Tuesday, November 10, 2015

Eat Your Science Homework *Review

Ann McCallum Books  include the Eat Your Homework series in History, Math and Eat Your Science Homework. As homeschoolers we love to eat  and all of our school is 'home' work! The perfect combination.

Eat your Science Homework has recipes for inquiring minds. Cooking is an excellent look at chemistry and chemical interactions. This book gives the kids a glimpse at science while they are learning to create in the kitchen. They don't even realize they are doing 'school'.
The book has 6 recipes for science experiments. Each experiment starts with some facts on the project, with key words bold faced and defined. The first one for example was on Atoms and we made Atomic Popcorn Balls. We learned about words like; atom, subatomic, elements, periodic table, and molecules.

After we learn a bit about what we are working with, we have the recipe which includes all you need for ingredients, your prep time, and cooking time. This is helpful for prepping what you need to buy ahead of time and knowing how long your experiment will take. The atomic popcorn balls only took 20 minutes total.

After the recipe is a page on science facts called the Science Sampler. This particular recipe has some common elements for you to find around the house, the periodic table, and information on states of matter.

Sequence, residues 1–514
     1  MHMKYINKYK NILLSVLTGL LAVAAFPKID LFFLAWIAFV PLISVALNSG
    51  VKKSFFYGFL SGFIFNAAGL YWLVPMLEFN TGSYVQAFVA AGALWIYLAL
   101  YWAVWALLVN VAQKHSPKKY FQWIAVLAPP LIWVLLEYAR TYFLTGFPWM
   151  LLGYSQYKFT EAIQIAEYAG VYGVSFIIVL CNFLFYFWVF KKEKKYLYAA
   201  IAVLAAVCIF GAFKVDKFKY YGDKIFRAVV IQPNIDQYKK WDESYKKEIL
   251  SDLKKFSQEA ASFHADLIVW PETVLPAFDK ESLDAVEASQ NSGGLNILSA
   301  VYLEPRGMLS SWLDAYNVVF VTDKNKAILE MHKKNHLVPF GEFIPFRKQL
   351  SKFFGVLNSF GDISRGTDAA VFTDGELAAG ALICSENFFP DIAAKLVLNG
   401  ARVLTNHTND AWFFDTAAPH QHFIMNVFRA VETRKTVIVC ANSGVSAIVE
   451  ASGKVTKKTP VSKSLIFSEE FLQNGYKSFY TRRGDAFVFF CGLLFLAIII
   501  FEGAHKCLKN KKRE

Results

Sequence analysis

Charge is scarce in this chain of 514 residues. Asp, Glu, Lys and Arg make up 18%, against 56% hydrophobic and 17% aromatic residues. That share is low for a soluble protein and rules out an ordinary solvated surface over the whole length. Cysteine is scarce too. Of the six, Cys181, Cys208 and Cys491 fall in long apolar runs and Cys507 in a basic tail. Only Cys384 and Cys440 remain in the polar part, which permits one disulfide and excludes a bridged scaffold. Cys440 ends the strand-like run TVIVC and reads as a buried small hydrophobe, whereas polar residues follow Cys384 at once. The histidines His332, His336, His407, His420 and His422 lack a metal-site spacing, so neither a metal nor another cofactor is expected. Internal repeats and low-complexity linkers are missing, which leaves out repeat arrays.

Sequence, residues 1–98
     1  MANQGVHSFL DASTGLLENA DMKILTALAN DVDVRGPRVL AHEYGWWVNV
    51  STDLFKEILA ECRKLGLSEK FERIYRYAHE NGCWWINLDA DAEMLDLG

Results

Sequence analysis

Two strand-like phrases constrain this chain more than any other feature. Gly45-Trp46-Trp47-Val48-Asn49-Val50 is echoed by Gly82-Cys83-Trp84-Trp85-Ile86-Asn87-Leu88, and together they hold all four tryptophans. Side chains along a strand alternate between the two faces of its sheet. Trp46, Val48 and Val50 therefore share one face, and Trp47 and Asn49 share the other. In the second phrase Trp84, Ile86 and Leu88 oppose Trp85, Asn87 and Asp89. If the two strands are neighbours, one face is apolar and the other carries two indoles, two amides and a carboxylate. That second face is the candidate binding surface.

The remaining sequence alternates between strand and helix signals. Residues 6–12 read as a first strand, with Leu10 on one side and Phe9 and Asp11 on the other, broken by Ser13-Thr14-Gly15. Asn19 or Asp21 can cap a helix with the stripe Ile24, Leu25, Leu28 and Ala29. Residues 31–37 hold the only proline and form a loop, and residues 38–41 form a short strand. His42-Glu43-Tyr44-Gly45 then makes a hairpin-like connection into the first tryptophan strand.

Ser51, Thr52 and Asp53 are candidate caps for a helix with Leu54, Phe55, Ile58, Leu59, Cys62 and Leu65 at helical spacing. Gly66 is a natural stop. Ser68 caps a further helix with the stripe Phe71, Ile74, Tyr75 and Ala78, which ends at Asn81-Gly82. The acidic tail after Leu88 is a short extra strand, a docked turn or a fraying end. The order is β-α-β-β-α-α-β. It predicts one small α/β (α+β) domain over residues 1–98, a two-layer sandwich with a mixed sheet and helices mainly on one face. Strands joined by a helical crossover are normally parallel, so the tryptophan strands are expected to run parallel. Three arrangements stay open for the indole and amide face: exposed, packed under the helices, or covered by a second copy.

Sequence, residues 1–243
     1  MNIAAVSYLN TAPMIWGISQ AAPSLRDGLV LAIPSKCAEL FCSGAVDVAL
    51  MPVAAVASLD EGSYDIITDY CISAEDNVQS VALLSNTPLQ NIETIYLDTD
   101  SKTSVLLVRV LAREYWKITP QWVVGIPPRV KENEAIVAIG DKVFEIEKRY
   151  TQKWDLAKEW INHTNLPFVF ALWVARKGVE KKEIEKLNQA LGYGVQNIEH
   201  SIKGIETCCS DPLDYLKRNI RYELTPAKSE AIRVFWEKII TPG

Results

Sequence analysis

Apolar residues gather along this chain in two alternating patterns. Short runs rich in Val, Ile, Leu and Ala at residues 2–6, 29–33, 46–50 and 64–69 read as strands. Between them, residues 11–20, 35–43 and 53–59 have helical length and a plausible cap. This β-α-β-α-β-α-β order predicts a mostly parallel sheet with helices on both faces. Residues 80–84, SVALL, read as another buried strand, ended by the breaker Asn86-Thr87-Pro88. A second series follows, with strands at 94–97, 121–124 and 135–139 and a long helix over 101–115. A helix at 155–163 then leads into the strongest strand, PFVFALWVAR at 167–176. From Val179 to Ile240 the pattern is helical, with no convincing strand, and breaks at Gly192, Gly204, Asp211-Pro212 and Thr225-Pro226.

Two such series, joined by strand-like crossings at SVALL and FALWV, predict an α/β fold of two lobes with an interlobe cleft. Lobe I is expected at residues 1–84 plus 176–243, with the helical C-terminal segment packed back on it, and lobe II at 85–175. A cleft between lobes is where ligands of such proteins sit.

This book is a great go along book for studying specific areas of science. You can coordinate the homework assignment that goes along with density when you study it.
The other option is to just work your way straight through the book. Use it as a fun time of science, learning a variety of areas.

In addition to learning about atoms. Eating Your Science Homework teaches the student about Density in their recipe Density Dressing and Veggie Sticks. I bet you can guess what this one will involve. Oil and Vinegar and how they just don't mix. This gives an excellent example of density, and tastes great! The Science Sampler has you try to mix a few other products to see how they fair as well.

You can make invisible ink and learn about the pH scale and acids and bases. Individual Snack Pockets are your food for this experiment. Hidden in the pocket is a big surprise.

We learned about fingerprints and the different design categories for how the lines are on the finger. This led to making cookies where no two were identical, just like fingerprints.

Sediments and different type of rocks was one of the lessons. I enjoyed how it included the Mohs scale of hardness and mentioned that to the kids when we were learning about rocks.

Look at the vast group of sciences this book covers! A glimpse into forensics, geology, chemistry, and even astronomy. I like how it exposes the kids to a variety. I think this is useful for the younger aged kids from 7-10. Of course the entire family will get in on the eating part!

I must add that the illustrations in the book are fun and quirky. They are cartoons, but unique and full of character. Leeza Hernandez did an excellent job at targeting her young audience, yet making the characters really showcase science.

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Ann McCallum Books Review

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